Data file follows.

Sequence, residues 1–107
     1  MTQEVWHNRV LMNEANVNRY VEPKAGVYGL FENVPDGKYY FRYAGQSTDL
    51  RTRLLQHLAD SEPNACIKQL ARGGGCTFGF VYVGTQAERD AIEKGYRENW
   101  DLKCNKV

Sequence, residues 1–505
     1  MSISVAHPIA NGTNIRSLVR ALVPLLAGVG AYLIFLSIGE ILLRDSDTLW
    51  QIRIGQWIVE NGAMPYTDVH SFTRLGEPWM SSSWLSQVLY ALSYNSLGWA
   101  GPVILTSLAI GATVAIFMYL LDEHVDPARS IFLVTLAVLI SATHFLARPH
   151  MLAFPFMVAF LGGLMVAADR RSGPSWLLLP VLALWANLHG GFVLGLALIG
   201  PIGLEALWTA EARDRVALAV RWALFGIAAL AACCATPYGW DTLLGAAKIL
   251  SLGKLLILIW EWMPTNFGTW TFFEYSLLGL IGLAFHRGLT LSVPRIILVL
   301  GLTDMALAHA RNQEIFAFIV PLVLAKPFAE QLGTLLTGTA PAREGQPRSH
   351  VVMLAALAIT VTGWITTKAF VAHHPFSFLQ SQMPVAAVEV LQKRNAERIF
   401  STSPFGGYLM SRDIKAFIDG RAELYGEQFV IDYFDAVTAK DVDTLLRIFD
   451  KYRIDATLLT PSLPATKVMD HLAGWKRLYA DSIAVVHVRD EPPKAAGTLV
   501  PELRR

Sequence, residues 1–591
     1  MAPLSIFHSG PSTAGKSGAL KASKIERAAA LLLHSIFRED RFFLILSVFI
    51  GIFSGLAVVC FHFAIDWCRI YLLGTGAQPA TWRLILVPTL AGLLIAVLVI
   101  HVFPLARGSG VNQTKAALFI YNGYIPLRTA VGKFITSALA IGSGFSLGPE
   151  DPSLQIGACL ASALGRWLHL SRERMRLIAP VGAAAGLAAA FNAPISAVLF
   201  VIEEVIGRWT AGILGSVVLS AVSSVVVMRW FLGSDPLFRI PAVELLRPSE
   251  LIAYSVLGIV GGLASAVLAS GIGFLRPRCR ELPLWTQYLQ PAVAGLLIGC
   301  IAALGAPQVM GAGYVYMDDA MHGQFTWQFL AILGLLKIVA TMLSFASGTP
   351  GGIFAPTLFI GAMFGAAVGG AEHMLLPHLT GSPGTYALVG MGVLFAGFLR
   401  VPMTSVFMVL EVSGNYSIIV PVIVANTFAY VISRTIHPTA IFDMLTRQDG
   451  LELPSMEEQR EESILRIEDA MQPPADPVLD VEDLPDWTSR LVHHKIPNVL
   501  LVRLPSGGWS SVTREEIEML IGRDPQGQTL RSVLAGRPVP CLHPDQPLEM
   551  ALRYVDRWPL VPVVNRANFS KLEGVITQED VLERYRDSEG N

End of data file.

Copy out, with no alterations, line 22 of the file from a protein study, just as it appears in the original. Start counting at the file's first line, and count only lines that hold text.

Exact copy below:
   201  VIEEVIGRWT AGILGSVVLS AVSSVVVMRW FLGSDPLFRI PAVELLRPSE